TV bosses charged over al-Manar

Terrorism charges are brought against two men for airing Hezbollah's al-Manar TV.

    Al-Manar's logo

    Lawyers for both men did not comment. The men are due to appear again on January 8.

     

    'Recruitment activities'

     

    The US treasury department froze the US assets of al-Manar, the Lebanon-based channel in March, saying it supported the fund-raising and recruitment activities of Hezbollah.

     

    Iqbal, a Pakistani who moved to the US 24 years ago and lives in New York, was arrested and first charged in August with providing satellite customers with the Hezbollah-operated channel.

     

    Al-Manar regularly airs speeches by Hassan Nasrallah,
    the Hezbollah director-general

    According to the new charges, between September 2005 and August 2006, the two men used the television company they own, Brooklyn-based HDTV, to negotiate with representatives of the al-Manar network to air the channel.

     

    Court documents said Elahwal, who lives in New Jersey, and Iqbal were paid by al-Manar more than $111,000 between December and March.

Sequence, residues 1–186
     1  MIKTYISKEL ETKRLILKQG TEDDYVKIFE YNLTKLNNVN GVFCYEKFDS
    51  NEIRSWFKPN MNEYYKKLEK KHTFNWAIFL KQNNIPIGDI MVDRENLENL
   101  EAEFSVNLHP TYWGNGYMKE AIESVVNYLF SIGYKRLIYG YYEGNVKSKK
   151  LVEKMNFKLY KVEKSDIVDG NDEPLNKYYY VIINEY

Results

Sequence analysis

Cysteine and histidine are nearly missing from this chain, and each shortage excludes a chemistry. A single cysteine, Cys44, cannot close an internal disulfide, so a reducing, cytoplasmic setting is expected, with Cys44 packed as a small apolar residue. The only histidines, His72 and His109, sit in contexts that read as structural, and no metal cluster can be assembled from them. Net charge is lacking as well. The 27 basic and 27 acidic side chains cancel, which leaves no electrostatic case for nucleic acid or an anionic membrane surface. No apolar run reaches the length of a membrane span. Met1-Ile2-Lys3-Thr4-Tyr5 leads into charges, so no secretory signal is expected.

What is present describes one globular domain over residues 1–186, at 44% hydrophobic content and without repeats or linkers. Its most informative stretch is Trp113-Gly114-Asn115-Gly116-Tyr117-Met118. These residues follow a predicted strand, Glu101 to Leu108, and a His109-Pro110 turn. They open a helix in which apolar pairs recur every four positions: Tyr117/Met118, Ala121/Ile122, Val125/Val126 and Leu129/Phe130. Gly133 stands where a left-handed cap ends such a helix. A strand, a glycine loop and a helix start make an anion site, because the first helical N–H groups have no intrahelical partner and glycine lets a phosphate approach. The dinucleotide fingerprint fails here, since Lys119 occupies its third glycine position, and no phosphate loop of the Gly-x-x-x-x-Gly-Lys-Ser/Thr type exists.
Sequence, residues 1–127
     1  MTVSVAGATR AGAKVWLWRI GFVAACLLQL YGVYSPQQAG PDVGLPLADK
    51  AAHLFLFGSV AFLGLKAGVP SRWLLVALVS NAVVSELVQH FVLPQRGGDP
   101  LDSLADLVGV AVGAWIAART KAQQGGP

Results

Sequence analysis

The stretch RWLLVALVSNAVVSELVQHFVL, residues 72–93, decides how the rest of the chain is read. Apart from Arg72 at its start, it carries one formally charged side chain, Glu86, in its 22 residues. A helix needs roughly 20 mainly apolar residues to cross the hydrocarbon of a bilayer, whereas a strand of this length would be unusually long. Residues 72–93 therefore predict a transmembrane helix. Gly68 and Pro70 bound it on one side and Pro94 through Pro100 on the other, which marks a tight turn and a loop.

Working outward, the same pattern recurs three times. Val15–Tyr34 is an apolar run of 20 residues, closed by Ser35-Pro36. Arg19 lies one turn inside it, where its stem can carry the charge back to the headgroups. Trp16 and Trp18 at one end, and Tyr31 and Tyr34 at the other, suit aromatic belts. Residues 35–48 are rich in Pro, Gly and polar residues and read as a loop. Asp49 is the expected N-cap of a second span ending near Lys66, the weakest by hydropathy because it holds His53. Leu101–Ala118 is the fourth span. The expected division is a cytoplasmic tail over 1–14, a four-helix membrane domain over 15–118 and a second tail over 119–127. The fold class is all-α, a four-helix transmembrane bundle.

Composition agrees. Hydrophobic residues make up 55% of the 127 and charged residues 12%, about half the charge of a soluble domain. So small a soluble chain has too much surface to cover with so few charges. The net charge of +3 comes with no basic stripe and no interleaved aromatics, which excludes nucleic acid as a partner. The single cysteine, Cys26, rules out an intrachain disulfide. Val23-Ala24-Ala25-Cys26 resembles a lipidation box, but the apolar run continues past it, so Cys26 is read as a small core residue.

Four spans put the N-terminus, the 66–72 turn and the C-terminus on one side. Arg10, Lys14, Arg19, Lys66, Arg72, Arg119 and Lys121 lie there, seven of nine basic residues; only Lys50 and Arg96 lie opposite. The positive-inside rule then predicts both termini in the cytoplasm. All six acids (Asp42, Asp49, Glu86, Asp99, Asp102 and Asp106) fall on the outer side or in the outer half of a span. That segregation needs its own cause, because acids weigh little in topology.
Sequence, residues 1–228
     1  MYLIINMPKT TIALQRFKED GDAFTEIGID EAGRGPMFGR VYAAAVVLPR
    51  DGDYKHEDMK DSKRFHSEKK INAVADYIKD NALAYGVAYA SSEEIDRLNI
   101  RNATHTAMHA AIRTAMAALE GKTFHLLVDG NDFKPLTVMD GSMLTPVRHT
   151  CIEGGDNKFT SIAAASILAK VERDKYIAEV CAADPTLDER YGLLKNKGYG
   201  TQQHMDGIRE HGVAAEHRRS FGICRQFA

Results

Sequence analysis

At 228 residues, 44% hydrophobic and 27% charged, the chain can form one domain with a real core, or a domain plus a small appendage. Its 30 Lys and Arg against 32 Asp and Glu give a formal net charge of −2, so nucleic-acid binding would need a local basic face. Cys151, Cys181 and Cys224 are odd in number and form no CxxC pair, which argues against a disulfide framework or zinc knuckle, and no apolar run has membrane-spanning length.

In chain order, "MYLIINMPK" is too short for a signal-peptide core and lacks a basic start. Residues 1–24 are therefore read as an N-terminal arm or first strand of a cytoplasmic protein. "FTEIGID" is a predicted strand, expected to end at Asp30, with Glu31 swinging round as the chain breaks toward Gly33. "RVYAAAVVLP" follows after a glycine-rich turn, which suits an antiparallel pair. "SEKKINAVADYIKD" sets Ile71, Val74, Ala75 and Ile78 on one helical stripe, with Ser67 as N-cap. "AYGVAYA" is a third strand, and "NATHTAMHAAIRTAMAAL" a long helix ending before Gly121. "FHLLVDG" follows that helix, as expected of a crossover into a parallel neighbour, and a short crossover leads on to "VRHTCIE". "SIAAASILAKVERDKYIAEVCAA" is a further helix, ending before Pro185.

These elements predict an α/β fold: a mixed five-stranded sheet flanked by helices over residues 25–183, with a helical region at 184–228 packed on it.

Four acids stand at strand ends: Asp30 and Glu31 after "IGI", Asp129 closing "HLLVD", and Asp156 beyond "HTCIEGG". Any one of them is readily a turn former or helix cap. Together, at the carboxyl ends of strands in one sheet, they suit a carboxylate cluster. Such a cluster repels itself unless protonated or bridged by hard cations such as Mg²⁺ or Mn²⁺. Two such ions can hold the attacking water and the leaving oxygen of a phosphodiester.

The channel provided wide coverage of the war between Hezbollah and Israel last summer, broadcasting exclusive footage shot by Hezbollah fighters. It was attacked by Israeli air strikes during the 34-day war.

    SOURCE: Al Jazeera + Agencies


    YOU MIGHT ALSO LIKE

    Interactive: How does your country vote at the UN?

    Interactive: How does your country vote at the UN?

    Explore how your country voted on global issues since 1946, as the world gears up for the 74th UN General Assembly.

    'We were forced out by the government soldiers'

    'We were forced out by the government soldiers'

    We dialled more than 35,000 random phone numbers to paint an accurate picture of displacement across South Sudan.

    Interactive: Plundering Cambodia's forests

    Interactive: Plundering Cambodia's forests

    Meet the man on a mission to take down Cambodia's timber tycoons and expose a rampant illegal cross-border trade.